Image copyright Getty Images The government is to add a new clause to the Brexit bill to make it illegal for parliament to extend the process beyond the end of next year. The post-Brexit transition period – due to conclude in December 2020 – can currently be extended by mutual agreement for up to two
The government is to add a new clause to the Brexit bill to make it illegal for parliament to extend the process beyond the end of next year.
The post-Brexit transition period – due to conclude in December 2020 – can currently be extended by mutual agreement for up to two years.
But an amended Withdrawal Agreement Bill the Commons is set to vote on this week would rule out any extension.
Critics say this raises the chance of leaving the EU without a trade deal.
Shadow Brexit secretary Sir Keir Starmer said the move was “reckless and irresponsible” and he argued that Prime Minister Boris Johnson was “prepared to put people’s jobs at risk”.
Downing Street has said the government plans to ask the new Parliament to have its first debate and vote on the withdrawal agreement – the legislation needed to ratify Brexit – on Friday.
With a majority of 80 following Thursday’s general election, Mr Johnson is expected to get the bill into law with few changes in time for the UK to end its EU membership on 31 January.
The government will then have until the end of the transition period on 31 December to negotiate a free trade agreement with Brussels before the trade relationship defaults to World Trade Organization (WTO) terms.
Senior EU figures, including the bloc’s chief negotiator Michel Barnier, are sceptical that a deal can be agreed within that time.
Currently, if trade talks are progressing more slowly the UK and EU could agree – by July – to extend the post-Brexit transition period for up to two years.
But on Friday, the Prime Minister intends to expunge this clause from his Withdrawal Agreement Bill, and instead explicitly rule out any extension.
This is designed to underline to those Leave voters who have backed his party for the first time that he is determined to deliver Brexit – and he wants to quash speculation that he would be prepared to go for a deal that keeps the UK in close step with Brussels.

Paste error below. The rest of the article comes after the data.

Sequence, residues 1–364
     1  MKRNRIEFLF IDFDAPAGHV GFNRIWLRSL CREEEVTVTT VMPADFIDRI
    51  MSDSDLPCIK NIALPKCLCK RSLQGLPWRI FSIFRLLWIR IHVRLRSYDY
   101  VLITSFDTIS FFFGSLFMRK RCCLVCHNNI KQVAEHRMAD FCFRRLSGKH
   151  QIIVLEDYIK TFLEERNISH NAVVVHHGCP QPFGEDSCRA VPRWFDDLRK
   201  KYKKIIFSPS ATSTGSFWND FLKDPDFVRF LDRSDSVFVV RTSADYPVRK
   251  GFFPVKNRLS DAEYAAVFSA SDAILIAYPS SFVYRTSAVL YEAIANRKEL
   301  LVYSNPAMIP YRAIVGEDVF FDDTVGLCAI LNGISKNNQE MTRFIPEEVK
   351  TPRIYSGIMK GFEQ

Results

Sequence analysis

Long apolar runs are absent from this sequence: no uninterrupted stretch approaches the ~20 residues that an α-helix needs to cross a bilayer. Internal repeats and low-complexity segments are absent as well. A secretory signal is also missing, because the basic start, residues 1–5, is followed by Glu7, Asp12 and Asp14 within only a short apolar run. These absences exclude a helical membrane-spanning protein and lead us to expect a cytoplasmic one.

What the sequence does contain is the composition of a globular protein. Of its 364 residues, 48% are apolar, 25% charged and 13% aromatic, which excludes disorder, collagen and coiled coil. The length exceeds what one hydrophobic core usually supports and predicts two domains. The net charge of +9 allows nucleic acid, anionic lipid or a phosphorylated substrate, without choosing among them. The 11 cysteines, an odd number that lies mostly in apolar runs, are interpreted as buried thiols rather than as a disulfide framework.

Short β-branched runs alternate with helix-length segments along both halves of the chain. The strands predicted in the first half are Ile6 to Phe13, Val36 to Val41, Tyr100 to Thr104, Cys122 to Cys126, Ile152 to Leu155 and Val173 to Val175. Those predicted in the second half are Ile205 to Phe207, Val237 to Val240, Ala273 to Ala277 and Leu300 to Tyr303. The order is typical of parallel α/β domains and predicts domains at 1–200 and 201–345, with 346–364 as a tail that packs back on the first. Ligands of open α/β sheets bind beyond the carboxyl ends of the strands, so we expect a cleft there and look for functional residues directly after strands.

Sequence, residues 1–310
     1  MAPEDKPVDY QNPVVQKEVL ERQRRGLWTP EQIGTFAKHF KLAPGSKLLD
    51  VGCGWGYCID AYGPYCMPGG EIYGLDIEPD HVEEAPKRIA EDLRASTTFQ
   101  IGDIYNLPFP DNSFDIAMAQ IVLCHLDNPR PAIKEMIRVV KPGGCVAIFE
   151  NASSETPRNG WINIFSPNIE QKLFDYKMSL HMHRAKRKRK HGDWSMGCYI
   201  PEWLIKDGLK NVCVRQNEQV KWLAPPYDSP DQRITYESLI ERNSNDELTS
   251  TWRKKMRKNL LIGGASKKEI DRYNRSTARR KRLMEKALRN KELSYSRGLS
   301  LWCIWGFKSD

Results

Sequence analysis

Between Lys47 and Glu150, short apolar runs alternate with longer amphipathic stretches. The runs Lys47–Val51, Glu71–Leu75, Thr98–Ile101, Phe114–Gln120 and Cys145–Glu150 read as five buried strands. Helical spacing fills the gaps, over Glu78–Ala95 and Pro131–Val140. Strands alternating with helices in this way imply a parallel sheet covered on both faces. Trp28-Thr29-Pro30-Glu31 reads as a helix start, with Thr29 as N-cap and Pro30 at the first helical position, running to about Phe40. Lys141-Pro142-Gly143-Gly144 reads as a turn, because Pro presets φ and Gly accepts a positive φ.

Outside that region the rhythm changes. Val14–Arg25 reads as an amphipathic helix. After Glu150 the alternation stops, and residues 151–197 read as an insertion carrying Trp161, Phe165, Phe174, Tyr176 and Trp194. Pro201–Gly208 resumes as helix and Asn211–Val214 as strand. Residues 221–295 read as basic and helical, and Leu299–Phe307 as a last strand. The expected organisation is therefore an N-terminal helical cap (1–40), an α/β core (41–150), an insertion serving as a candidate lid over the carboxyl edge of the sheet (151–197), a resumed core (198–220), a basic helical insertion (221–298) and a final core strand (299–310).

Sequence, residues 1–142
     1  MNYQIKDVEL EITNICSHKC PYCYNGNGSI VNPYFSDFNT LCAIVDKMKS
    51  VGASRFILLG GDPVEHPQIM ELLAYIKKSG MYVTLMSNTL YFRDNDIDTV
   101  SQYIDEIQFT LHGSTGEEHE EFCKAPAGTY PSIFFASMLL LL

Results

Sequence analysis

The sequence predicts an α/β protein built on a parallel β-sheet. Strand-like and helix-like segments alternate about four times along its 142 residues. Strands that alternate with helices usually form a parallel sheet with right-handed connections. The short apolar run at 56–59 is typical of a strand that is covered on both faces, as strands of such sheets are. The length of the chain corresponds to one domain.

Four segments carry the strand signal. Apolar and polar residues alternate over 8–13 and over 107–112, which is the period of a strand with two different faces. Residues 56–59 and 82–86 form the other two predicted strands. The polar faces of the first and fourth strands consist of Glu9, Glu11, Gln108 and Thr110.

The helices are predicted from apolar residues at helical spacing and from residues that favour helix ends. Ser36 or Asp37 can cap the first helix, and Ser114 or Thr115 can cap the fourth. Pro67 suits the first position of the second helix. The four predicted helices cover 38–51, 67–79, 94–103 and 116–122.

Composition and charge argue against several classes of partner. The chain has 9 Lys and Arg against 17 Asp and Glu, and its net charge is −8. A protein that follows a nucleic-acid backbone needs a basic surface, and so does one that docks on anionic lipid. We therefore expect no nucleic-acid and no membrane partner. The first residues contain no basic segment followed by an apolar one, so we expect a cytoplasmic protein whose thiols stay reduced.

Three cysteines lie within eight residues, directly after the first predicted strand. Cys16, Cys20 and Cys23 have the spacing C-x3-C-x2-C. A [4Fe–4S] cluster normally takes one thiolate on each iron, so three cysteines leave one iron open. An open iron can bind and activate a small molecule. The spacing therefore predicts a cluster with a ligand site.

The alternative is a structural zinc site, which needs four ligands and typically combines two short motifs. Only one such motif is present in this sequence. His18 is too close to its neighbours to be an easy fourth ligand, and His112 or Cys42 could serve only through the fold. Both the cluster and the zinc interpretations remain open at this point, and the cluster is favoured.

Government sources say that having a hard deadline will also focus the minds of both sets of negotiators on achieving a deal.
With Labour losing swathes of seats in their heartlands, Boris Johnson will claim that the opposition haven’t learned any lessons if they vote against his Brexit legislation.
The prime minister promised during the general election campaign that he would not seek an extension to the transition period – persuading Brexit Party leader Nigel Farage to stand down candidates in Tory seats.
As well as ruling out an extension, the Independent reports that the amended withdrawal agreement may omit previous “provisions to ensure that workers’ rights were not weakened after Brexit”.
The amendments to the withdrawal agreement come after Mr Johnson carried out a limited reshuffle of his government on Monday.
Simon Hart has been named as Welsh secretary, replacing Alun Cairns, who quit at the start of the election.
And Nicky Morgan stays as culture secretary, despite standing down as an MP. She is taking a peerage and will sit as a cabinet minister in the Lords.
Opposition parties said she had been “rewarded for political sycophancy”.
But Ms Morgan, who will be in charge of broadband and media policy, suggested she might only be in the role for a few weeks – pending what are expected to be far-reaching changes to the PM’s top team after the UK has left the EU on 31 January.
What will happen this week?
Proceedings begin when MPs gather for their first duty: to elect the Speaker, Sir Lindsay Hoyle, who replaced John Bercow in November. Technically, MPs can hold a vote on this motion but this has never happened in practice.
Later in the day, the Speaker will begin the process of swearing in MPs, who are required to take an oath of allegiance to the Crown, or, if they object to this, a solemn affirmation. Those who speak or vote without having done so are deprived of their seat “as if they were dead” under the Parliamentary Oaths Act of 1866.
Two to three days are usually set aside for this process.
The state opening of Parliament. The Queen’s Speech is the centrepiece of this, when she will read a speech written by ministers setting out the government’s programme of legislation for the parliamentary session. A couple of hours after the speech is delivered, MPs will begin debating its contents – a process which usually takes days.
Depending on how rapidly Boris Johnson wants to move, the debate on the Queen’s Speech could continue into Friday.
The government will introduce the Withdrawal Agreement Bill to Parliament.
MPs in the previous Parliament backed Mr Johnson’s bill at its first stage but rejected his plan to fast-track the legislation through Parliament in three days in order to leave the EU by the then Brexit deadline of 31 October.
After the debate on the Queen’s Speech is concluded, MPs will vote on whether to approve it. Not since 1924 has a government’s Queen Speech been defeated.